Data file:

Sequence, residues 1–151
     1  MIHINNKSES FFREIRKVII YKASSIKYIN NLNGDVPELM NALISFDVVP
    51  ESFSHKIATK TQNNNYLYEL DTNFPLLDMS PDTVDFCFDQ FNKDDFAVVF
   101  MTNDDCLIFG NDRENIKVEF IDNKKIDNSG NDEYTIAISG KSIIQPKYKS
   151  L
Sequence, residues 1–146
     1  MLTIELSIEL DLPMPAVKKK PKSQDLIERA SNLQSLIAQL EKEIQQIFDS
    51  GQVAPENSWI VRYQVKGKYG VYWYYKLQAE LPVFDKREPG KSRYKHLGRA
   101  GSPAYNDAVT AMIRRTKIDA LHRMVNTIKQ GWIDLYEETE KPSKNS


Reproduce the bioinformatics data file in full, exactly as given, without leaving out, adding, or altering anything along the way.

Sequence, residues 1–151
     1  MIHINNKSES FFREIRKVII YKASSIKYIN NLNGDVPELM NALISFDVVP
    51  ESFSHKIATK TQNNNYLYEL DTNFPLLDMS PDTVDFCFDQ FNKDDFAVVF
   101  MTNDDCLIFG NDRENIKVEF IDNKKIDNSG NDEYTIAISG KSIIQPKYKS
   151  L
Sequence, residues 1–146
     1  MLTIELSIEL DLPMPAVKKK PKSQDLIERA SNLQSLIAQL EKEIQQIFDS
    51  GQVAPENSWI VRYQVKGKYG VYWYYKLQAE LPVFDKREPG KSRYKHLGRA
   101  GSPAYNDAVT AMIRRTKIDA LHRMVNTIKQ GWIDLYEETE KPSKNS